comes to the situation in Iraq.
Democratic pollster Peter D. Hart, who conducted this survey with Republican pollster Bill McInturff, calls the results a "baby bounce" for Bush. "The death of Zarqawi may have improved attitudes about ... the war," he says. "But I think it changed next to nothing toward the overall attitudes about the president ... and the upcoming elections."
McInturff agrees. "You can see a slight tick up. But you don't see any influence on Bush as of yet."
According to the poll, 37 percent approve of Bush's job performance-- an increase of one point since the last survey in April. This is the seventh straight NBC/Journal poll that has had Bush's job approval below 40 percent.
Cook Political Report/RT Strategies (6/1-4/06 poll): Published 6/16/06
(Note: Cook did not directly write about presidential approval based on the Cook/RT poll other than to report the topline results. A subsequent power point presentation of the results showed the trend but commented on the overall negativity rather than the 2% rise in approval. Cook's characterization of the state of approval is not based solely on the Cook/RT Strategies poll, which is probably why it is such a good analysis.)
Pride Before The Fall?
Perhaps the irony in all of this Democratic victory clucking is that it is happening at a time when the president's freefall in the polls has stopped and he has even regained a couple of points.
It was just a few weeks ago that most polls showed job-approval ratings in the low 30s; now most are in the 35 to 38 percent range. While these numbers are still terrible, they are no longer dropping.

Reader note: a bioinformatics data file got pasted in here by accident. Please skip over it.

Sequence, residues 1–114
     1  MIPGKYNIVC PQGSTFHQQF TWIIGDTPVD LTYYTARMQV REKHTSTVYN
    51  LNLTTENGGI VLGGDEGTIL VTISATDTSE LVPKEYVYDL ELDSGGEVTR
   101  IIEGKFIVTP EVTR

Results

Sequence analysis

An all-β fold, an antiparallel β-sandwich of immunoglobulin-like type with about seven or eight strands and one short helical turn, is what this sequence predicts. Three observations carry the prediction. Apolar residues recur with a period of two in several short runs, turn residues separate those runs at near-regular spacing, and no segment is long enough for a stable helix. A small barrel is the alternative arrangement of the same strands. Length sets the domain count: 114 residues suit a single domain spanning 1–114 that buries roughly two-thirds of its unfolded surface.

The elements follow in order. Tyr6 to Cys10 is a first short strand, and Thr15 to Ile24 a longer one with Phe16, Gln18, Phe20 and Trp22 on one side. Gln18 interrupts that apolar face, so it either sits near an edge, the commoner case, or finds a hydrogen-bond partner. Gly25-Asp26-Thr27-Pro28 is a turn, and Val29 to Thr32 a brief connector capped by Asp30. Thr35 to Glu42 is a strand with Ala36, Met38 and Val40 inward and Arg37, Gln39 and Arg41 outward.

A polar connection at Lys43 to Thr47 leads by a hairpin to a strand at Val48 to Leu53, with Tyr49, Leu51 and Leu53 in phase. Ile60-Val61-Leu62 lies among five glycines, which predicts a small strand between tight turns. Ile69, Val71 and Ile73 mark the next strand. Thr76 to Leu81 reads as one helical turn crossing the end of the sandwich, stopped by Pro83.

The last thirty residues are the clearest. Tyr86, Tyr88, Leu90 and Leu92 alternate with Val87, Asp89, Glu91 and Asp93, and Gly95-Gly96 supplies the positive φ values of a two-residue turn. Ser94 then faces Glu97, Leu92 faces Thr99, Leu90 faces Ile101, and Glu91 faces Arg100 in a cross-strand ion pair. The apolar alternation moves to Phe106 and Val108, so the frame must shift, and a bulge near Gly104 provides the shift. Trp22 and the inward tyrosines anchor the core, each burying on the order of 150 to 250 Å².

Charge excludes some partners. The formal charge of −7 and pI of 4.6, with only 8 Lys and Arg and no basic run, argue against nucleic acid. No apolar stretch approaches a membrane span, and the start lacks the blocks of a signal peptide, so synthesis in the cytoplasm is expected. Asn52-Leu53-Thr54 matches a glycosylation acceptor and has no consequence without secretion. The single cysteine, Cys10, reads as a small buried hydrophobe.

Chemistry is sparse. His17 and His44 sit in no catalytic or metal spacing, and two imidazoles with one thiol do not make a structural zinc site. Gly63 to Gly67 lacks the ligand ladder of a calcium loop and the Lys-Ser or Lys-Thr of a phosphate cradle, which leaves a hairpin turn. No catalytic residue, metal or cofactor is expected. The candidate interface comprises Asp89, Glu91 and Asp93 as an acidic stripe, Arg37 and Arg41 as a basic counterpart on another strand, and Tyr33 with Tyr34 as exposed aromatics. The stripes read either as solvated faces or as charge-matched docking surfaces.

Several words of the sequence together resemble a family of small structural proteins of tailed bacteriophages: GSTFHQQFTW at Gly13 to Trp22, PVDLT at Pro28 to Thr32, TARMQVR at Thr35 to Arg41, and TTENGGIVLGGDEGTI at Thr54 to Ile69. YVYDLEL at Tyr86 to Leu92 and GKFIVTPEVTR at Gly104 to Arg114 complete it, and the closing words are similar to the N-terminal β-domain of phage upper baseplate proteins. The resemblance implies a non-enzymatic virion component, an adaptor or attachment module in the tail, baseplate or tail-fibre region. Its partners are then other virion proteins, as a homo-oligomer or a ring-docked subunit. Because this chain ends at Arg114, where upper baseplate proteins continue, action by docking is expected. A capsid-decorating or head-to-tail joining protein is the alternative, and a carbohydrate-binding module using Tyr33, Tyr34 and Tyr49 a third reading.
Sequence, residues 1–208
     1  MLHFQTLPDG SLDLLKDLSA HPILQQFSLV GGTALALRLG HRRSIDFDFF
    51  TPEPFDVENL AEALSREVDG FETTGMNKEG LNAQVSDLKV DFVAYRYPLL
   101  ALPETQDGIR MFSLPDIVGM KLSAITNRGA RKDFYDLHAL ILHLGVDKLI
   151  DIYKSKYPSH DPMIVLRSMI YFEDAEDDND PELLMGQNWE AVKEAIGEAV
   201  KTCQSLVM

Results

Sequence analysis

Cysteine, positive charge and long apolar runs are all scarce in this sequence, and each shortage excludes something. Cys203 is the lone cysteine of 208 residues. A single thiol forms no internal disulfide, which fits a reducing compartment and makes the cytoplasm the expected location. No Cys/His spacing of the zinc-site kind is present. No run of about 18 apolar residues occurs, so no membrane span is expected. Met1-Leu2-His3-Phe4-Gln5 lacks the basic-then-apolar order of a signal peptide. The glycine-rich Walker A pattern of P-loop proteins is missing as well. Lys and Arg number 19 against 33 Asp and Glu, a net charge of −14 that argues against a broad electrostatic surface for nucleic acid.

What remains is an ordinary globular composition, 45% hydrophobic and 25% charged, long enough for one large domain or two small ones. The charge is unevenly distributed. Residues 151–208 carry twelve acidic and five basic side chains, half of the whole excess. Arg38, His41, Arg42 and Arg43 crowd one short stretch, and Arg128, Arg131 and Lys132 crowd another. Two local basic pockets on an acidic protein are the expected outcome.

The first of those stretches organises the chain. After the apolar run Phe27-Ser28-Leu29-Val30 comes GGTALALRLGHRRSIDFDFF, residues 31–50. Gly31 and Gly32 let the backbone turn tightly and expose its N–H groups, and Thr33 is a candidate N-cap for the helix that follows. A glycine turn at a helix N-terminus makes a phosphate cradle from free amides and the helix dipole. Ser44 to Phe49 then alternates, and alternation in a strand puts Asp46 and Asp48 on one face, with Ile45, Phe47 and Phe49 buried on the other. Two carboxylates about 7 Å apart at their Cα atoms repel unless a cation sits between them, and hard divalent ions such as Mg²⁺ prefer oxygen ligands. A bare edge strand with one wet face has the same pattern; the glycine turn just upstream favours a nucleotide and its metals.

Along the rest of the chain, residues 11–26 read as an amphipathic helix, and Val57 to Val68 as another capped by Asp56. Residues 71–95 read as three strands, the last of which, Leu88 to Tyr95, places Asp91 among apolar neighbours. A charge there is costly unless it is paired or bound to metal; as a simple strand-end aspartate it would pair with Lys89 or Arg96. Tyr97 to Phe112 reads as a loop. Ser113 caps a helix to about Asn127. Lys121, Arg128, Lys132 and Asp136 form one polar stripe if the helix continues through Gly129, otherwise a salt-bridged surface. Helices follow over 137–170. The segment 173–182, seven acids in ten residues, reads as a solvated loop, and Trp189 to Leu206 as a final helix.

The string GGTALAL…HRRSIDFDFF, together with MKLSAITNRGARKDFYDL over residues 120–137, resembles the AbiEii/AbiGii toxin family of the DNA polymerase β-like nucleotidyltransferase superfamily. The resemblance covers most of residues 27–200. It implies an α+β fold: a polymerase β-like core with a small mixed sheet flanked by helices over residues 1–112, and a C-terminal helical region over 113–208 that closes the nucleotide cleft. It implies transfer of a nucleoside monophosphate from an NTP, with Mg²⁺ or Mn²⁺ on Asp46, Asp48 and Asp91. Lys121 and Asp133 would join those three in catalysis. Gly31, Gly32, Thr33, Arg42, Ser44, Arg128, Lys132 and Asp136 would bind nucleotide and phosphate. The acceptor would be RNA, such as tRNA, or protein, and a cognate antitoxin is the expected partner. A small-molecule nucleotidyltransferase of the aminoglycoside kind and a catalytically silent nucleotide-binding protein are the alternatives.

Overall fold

Zogby (6/2-6/06 poll): Published 6/9/06
Poll: "Had enough?" Not Enough to Lift Congressional Dems to Power
"Clearly a weakness that the Republicans have is President Bush. In this poll, when we look at President Bush, not only do we see him at 31% positive overall job performance rating, which is lowest we have ever had for him, but we also see the coalition of supporters who supported his election and reelection is crumbling. He wins just a 48% positive job approval among born-again Christians, but we also see lows among conservatives, Republicans, veterans, WalMart shoppers, and among NASCAR fans. Right now, the President is a burden for the Republican Party heading into the midterm elections."
CBS (6/10-11/06 poll): Published 6/12/06
Poll: Bush's Ratings Remain Low
The death of Abu Musab al-Zarqawi has done little to improve views of how things are going for the U.S. in Iraq or boost President Bush's approval ratings, a CBS News poll finds.
Zarqawi's killing hasn't helped President Bush with the public, either. His overall job approval rating remains just 33 percent-- down slightly from 35 percent last month-- while 60 percent disapprove.